Furthermore, for NitroMed there was also a financial and legal incentive to design the study in this way. By not enrolling a more diverse and larger population the trial was less expensive. The race-specific patent also ensured that the intellectual property rights and its market monopoly was extended with thirteen years. Sankar and Kahn (2005) argue that these conflicts of interest influenced the research by biasing the results and by “allowing potential financial gain to distort the design and trajectory of research” (p. 7). This illustrates how the pharmaceutical industry is not a neutral partner in the development of a medication. All the effort that went into the development of BiDil was not particularly aimed at producing medical knowledge, but at creating a new and profitable market. 

Race: genetic marker or socio-political construct?

Another aspect of the study that is important to mention is the use of self-identified race (a social and political construct) as a substitute for a biological or genetic marker. The use of race is a very controversial issue in medical and medicine knowledge production. As Brody and Hunt (2006) explain, genomic science has not succeeded in finding a genetic marker for the social and political construct of race. In fact, genomic science found that there is more genetic difference within one “racial” group than between different groups. Brody and Hunt argue that this does not mean that we should abandon race as a factor in medical research, because “whatever its biological basis (or lack of same), race remains a very important social construct, and as such, it has tremendous power to influence health and illness” (p. 557). Additionally, they point out that BiDil might cause a de-emphasis of research into nongenetic contributors (e.g. social and environmental factors) to illness and disease.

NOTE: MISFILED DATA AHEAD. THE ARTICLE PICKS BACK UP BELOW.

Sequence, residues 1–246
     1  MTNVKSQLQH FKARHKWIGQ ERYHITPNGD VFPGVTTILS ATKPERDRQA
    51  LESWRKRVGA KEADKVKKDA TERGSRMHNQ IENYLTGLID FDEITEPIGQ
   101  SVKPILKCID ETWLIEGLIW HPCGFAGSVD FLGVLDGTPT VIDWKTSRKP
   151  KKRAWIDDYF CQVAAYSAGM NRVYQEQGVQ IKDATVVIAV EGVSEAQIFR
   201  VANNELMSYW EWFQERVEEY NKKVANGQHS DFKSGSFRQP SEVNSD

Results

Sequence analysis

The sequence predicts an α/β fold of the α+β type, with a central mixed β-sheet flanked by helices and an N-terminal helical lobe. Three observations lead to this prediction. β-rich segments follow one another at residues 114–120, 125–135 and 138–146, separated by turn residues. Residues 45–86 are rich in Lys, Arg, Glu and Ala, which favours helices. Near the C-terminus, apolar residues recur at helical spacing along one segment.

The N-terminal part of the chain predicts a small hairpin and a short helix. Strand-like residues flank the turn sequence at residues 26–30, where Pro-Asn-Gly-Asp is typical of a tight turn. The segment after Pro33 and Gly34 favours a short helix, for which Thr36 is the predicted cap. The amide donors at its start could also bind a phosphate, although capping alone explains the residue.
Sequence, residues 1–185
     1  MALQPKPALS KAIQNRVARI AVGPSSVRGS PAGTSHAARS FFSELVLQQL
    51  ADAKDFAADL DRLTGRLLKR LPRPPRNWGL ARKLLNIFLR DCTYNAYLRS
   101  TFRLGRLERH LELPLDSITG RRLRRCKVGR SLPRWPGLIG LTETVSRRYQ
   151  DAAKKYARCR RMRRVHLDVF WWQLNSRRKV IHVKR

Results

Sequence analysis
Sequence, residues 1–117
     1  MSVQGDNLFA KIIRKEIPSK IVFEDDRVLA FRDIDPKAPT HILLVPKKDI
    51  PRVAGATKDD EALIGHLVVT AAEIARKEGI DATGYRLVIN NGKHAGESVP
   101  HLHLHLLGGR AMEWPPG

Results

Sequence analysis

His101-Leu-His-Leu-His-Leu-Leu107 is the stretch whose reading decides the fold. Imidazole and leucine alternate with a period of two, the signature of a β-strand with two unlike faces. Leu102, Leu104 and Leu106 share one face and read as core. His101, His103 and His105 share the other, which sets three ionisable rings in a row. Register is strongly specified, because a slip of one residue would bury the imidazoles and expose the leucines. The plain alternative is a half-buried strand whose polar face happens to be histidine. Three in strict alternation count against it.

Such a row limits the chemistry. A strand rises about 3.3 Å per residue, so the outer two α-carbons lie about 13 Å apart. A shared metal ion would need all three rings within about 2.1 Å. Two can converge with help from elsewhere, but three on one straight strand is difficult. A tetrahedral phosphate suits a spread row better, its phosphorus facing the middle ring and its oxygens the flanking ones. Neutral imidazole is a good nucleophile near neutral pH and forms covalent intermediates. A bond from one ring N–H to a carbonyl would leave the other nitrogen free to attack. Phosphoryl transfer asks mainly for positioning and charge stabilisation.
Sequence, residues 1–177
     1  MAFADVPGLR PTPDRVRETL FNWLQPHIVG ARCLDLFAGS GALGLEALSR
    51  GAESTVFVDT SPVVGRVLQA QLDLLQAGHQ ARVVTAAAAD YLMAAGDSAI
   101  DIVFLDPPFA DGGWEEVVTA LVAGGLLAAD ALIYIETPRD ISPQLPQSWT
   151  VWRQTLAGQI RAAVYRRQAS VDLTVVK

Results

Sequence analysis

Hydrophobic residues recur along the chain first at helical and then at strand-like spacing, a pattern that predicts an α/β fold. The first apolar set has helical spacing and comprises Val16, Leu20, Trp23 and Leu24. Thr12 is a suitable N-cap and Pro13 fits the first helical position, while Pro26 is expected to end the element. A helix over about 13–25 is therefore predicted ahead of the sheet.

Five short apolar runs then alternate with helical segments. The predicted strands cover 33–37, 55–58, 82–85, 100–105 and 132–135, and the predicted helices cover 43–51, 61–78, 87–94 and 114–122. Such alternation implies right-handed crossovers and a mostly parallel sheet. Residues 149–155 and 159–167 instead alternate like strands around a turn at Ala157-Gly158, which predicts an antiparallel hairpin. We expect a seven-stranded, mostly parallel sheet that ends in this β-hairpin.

Sehgal (2004) contributes to this debate about using race as a proxy for other determinants of illness such as genetics or environmental factors. Sehgal analyzed fifteen clinical trials (most of them RCTs) to investigate whether there is a difference in drug response between white and black people. The analysis showed that many white and black people (between 80% to 95%) have similar responses to commonly used medications that treat high blood pressure. The analysis also shows that there is indeed a moderate statistically significant difference between the responses of black and white people. However, as we can see in the figure below, the majority of the patients had a similar response to the drugs (the grey or shaded area represents these similar responses). Not only does  this example show how using race as a proxy is not sufficient to predict patient responses to drugs, it also shows how statistical information can be played with to find a favourable outcome. 

Reduction in blood pressure among white and black people after administrating a drug to treat high blood pressure. Shaded area represents whites and blacks who have similar responses.

The quest for personalized medicine